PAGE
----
Lawmakers Revive Bill To Ban Insider Trading Amid '8-K Gaps'
Lawmakers are reviving a bill that would ban stock trades by company leaders during the window between a major corporate event and its public disclosure, giving the bill a second shot in what is now a Democratic-controlled Senate.
The 8-K Trading Gap Act, which the House passed last year but never advanced in the GOP-led Senate, was reintroduced Thursday by Sen. Chris Van Hollen, D-Md., and Rep. Carolyn Maloney, D-N.Y., in their respective chambers.
The lawmakers say the bill would close what they consider a loophole that facilitates insider trading by barring executives from trading during the four-day gap between when an event happens and when the company publicly files a U.S. Securities and Exchange Commission Form 8-K to alert the public and shareholders.
An 8-K form would cover events such as bankruptcies, mergers and acquisitions, regulatory and criminal investigations, and changes in leadership. The "8-K Trading Gap" is the title of a 2015 study co-authored by former SEC Commissioner Robert J. Jackson Jr., which found "systematic abnormal returns" during 8-K gaps.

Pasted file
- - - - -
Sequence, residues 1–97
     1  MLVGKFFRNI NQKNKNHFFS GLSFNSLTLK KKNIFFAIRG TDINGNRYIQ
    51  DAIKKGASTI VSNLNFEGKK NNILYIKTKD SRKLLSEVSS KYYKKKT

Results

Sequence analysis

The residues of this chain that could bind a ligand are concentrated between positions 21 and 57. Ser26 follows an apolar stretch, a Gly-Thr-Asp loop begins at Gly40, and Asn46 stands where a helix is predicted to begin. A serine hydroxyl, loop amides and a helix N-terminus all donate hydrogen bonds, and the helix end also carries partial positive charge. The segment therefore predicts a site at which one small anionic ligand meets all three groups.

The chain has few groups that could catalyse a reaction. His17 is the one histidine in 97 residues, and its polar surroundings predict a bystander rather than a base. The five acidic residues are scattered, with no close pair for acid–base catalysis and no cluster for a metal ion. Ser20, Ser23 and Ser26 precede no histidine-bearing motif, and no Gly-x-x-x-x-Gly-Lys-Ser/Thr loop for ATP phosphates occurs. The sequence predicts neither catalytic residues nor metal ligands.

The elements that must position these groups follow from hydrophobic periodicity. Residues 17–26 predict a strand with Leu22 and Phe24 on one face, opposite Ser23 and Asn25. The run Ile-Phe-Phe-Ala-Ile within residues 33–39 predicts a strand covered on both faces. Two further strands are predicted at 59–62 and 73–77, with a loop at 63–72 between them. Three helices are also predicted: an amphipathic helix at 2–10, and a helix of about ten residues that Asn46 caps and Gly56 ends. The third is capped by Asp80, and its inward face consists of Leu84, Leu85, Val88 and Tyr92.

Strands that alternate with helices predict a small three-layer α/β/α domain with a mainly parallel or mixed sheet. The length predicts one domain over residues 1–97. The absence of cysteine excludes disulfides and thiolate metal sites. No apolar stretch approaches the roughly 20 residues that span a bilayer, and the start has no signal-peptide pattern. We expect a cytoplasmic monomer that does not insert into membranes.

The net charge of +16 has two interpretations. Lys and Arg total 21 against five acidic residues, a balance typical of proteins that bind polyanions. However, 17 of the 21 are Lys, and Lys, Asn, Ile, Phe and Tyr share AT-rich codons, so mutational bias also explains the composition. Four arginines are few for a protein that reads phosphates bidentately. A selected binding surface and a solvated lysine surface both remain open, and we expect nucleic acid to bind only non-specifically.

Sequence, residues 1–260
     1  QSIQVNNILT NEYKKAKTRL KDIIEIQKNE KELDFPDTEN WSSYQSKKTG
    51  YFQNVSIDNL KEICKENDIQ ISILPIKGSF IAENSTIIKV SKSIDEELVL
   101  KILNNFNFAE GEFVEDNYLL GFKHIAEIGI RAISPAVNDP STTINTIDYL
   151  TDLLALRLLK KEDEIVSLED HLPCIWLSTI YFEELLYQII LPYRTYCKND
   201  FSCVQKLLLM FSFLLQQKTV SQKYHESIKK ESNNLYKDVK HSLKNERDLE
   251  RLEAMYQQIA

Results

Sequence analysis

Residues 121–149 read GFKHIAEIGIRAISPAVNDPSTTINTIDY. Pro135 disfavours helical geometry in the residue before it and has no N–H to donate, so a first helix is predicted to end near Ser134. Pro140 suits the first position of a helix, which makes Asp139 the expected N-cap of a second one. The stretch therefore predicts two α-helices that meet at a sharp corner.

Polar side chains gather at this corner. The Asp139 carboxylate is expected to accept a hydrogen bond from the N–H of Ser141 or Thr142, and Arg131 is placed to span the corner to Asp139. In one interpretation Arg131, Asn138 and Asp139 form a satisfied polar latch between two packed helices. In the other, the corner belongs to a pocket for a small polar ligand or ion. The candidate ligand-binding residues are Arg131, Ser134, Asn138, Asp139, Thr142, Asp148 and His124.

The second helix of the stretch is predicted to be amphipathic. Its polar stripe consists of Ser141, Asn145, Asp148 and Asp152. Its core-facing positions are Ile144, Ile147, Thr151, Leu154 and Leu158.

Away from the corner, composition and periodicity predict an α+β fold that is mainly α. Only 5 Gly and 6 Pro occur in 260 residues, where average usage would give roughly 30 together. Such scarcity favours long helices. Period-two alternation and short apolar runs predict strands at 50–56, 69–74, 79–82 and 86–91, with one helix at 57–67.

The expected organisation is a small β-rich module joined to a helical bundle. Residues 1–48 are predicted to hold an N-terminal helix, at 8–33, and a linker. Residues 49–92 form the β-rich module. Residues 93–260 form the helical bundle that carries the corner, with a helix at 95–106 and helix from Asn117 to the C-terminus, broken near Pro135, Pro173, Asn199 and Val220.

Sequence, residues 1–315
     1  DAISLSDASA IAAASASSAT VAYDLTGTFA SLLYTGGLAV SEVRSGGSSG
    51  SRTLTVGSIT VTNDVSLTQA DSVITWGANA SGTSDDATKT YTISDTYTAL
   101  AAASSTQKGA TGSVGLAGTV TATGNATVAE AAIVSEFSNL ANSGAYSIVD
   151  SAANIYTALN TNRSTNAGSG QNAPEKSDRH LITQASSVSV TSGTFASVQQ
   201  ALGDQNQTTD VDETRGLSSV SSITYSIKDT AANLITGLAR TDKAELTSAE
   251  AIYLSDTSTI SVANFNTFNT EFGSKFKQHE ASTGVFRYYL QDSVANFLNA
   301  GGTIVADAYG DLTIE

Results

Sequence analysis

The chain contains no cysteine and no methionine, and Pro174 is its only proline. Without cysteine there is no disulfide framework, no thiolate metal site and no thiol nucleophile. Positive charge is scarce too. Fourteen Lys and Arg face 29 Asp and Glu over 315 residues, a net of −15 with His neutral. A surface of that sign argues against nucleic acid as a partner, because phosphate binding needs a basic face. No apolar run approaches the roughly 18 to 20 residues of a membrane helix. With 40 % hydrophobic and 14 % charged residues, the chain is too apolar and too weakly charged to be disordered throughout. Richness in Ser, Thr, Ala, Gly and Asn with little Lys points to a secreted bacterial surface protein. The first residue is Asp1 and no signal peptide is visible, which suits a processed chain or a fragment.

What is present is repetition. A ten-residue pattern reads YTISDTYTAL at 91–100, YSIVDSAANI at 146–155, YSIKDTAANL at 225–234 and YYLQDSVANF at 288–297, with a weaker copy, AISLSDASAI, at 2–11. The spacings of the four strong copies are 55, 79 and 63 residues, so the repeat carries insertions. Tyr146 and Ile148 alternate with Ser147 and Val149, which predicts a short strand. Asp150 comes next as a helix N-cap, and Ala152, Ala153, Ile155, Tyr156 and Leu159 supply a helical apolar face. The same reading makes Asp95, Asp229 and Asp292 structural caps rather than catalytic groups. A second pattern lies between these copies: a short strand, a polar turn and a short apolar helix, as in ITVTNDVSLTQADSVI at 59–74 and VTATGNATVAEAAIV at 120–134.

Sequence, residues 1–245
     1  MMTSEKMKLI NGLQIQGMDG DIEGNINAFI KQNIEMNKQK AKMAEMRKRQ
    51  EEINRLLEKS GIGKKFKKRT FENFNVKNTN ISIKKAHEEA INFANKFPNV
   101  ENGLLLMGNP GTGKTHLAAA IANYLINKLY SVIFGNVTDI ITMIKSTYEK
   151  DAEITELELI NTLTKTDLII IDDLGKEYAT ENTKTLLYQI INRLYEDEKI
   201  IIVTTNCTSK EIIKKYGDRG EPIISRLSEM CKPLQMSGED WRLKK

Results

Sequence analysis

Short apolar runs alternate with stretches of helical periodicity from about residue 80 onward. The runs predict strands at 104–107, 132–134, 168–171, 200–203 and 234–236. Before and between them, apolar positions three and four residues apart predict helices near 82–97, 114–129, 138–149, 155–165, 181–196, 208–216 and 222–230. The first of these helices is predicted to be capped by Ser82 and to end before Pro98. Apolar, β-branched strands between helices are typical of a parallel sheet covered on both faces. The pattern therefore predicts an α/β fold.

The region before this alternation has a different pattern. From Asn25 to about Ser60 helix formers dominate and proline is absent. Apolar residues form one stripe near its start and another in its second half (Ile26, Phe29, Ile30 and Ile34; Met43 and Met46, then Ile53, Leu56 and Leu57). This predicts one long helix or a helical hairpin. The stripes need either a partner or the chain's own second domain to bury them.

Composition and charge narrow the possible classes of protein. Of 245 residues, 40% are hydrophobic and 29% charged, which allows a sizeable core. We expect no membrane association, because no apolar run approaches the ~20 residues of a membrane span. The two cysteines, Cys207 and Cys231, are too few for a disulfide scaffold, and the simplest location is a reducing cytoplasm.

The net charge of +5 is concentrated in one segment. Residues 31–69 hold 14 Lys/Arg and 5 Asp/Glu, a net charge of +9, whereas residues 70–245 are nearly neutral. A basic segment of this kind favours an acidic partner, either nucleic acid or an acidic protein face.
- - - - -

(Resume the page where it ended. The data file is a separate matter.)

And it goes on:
"Time and again we've seen corporate executives take advantage of the 8-K trading gap by selling off bundles of shares prior to a major announcement," Van Hollen, a member of the Senate Banking Committee, said in a statement. "It's clear this gap gives corporate insiders a massive unfair advantage over the public."
Maloney, a member of the House Financial Services Committee, noted that the bill had broad bipartisan support in the House last year, having been approved 384-7. Since the bill died in the Senate last year, Democrats won control in the upper chamber.
"Corporate executives shouldn't be allowed to trade on significant information ahead of the public and investors, but that's exactly what's happening because of this legal loophole," Maloney said.
Sen. Sherrod Brown, D-Ohio, who now chairs the Senate Banking Committee, as well as ranking member Pat Toomey, R-Pa., did not immediately respond to requests for comment.
In an update to clients that was issued after the bill passed the House last year, Davis Polk & Wardwell LLP warned the bill could result in more SEC enforcement actions. The memo said most public companies have these policies in place as a precautionary measure but will need to adapt them to comply with prospective SEC guidelines.
"By prohibiting trading without reference to intent, the rules would make SEC enforcement investigations much more likely when trading occurs within 8-K Gaps, even if that trading were inadvertent," it said.